The Nadir Crater, located near Guinea in West Africa, may hold the answer to the question of whether a second Meteorite hit the Earth simultaneously to kill the dinosaurs.
The crater, hidden under some 900 meters of water and 400 meters of sediment, has not yet been studied directly; It has only been detected in reconstructions of the ocean floor made with seismic waves. To prove that it is an asteroid, scientists will have to drill into the structure and find minerals impacted by extreme heat and pressure. But the shape of the crater points to an extraterrestrial origin, said David Kring, a senior scientist at the Lunar and Planetary Institute who was not involved in the current study but was one of the discoverers of the impact site. Chicxulubthe crater left by the asteroid that killed the dinosaurs 66 million years ago.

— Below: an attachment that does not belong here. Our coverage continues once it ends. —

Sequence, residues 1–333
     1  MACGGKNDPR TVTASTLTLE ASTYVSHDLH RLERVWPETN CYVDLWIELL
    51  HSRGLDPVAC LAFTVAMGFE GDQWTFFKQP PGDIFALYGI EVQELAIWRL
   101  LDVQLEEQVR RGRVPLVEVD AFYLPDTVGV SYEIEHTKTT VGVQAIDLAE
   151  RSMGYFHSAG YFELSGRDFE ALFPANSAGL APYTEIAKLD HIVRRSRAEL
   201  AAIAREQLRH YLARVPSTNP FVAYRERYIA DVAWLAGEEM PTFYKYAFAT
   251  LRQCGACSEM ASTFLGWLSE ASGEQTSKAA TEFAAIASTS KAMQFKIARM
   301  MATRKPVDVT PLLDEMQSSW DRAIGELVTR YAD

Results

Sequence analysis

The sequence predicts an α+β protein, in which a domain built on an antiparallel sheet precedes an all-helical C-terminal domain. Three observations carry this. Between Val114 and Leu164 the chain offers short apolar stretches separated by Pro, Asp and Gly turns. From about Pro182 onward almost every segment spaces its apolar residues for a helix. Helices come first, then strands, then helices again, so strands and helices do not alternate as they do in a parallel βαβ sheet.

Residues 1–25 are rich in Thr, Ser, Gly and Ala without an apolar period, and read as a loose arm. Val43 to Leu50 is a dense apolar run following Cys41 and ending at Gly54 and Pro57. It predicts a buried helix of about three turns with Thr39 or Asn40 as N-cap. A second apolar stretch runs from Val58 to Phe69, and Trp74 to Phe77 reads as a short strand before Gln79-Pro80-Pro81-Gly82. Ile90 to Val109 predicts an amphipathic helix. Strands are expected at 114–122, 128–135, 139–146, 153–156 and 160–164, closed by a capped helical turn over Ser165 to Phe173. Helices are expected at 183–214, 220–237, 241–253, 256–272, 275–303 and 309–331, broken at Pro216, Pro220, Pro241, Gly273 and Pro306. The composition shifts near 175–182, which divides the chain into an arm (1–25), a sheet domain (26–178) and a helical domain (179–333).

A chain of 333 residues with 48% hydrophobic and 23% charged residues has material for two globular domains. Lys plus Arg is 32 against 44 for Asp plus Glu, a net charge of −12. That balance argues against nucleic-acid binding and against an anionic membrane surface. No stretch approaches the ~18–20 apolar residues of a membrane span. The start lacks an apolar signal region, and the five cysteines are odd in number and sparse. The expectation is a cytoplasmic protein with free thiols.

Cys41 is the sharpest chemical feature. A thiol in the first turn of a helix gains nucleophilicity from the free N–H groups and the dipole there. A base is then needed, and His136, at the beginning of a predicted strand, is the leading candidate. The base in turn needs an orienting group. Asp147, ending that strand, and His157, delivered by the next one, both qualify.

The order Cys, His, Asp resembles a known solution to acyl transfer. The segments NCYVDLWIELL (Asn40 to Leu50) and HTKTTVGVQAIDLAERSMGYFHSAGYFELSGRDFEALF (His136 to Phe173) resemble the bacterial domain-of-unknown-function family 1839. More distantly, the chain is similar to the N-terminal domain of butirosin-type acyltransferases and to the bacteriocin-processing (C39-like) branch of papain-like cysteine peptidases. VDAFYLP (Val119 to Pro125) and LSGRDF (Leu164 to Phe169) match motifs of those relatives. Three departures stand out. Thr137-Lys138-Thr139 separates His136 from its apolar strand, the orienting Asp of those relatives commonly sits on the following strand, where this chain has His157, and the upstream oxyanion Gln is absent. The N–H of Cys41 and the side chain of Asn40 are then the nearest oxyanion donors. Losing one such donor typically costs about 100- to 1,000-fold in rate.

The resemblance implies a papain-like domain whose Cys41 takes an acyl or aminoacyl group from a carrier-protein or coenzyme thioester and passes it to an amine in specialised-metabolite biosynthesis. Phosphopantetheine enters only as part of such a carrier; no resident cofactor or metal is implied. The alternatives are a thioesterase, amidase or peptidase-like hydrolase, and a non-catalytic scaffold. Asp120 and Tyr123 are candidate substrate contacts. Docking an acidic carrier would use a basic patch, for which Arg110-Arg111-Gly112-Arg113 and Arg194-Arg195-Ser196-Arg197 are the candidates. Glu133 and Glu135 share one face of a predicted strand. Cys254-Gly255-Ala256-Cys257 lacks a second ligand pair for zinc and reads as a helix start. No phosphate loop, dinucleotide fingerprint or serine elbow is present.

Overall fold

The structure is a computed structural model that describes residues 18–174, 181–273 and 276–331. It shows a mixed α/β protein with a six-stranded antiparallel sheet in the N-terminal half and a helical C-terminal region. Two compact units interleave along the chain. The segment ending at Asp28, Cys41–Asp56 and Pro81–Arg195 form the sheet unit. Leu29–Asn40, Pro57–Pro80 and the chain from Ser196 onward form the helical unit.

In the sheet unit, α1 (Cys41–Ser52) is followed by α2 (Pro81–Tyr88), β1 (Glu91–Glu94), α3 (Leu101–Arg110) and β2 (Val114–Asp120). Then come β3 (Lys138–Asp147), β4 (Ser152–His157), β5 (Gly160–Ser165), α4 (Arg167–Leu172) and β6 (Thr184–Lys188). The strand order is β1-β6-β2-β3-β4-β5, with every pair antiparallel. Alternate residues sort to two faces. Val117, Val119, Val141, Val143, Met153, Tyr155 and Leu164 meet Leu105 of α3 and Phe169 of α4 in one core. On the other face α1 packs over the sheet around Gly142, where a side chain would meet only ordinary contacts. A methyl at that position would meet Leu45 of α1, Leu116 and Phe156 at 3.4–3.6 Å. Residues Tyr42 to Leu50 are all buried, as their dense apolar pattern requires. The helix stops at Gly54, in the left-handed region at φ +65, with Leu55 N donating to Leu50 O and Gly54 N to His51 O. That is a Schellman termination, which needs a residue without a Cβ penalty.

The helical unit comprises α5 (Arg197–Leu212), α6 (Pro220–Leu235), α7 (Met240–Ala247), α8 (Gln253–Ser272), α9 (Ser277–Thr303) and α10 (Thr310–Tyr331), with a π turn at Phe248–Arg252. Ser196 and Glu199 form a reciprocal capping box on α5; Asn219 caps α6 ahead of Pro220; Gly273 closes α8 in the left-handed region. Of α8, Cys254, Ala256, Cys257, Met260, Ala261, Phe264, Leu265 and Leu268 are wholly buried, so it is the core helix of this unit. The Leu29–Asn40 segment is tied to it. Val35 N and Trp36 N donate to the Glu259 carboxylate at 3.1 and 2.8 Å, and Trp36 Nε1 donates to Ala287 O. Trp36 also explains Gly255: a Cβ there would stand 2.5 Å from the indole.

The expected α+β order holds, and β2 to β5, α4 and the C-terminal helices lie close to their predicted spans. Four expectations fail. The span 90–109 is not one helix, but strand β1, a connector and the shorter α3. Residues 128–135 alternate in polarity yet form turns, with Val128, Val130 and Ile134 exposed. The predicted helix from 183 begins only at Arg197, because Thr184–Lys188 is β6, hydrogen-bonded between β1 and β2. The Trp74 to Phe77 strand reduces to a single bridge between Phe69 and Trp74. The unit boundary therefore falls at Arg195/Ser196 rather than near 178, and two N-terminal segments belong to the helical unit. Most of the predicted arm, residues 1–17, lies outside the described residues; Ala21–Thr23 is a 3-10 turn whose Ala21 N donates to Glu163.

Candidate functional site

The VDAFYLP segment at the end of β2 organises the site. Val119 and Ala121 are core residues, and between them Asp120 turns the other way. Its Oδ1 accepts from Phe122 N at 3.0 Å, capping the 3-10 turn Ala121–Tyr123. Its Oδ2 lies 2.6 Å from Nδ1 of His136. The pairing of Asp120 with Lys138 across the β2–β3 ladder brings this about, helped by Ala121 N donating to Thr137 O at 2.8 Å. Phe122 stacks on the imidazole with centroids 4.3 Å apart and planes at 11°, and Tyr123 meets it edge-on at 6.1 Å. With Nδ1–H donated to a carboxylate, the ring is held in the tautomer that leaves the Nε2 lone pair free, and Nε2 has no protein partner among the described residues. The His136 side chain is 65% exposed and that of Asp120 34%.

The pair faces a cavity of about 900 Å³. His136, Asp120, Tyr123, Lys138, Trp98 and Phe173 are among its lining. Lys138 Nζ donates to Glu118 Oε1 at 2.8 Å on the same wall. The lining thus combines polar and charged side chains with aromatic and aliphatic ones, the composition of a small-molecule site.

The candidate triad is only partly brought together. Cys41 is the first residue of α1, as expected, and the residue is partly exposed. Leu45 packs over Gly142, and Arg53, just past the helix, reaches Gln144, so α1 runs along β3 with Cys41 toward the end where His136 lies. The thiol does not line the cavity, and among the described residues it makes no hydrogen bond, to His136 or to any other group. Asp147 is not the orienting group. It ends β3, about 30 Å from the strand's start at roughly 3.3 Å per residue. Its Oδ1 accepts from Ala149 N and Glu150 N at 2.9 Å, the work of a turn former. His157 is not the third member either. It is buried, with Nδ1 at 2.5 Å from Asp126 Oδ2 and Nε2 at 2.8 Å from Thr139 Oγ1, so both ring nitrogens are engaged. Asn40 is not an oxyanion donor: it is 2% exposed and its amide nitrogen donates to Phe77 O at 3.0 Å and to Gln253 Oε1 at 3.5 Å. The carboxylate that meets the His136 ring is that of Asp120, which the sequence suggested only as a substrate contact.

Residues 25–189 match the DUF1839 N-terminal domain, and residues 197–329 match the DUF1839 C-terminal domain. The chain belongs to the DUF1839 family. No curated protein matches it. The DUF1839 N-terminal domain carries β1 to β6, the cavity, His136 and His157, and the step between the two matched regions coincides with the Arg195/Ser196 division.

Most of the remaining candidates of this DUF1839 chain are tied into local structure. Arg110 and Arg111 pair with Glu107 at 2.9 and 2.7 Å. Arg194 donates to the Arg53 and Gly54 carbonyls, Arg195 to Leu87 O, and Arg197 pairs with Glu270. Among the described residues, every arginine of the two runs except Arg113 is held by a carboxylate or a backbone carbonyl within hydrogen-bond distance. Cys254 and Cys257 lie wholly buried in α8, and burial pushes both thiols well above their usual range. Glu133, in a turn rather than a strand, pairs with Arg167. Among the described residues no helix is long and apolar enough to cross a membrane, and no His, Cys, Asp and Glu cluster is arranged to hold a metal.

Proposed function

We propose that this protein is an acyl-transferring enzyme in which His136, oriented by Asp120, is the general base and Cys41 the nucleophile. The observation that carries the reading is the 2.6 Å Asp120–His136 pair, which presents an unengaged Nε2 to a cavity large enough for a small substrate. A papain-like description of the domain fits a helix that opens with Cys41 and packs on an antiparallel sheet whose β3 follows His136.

“I have to commend the team for finding what looks like a likely impact crater,” Kring told LiveScience. “That’s very important, because we have very few preserved impact craters on Earth. Land. Each one we can find provides a new window, new insights into the geological processes that make them up and their effects on the biological evolution of the Earth.”
The new crater formed very close in time to the Chicxulub impact, raising the possibility that the two may be related.
Based on the rock layers in and around the crater, Uisdean Nicholson, a geologist at Heriot Watt University in the United Kingdom, and his team found that it is about 66 million years old, about the same age as the impact that created the Chicxulub crater in front of it. to the current Yucatan Peninsula, ending the age of the dinosaurs.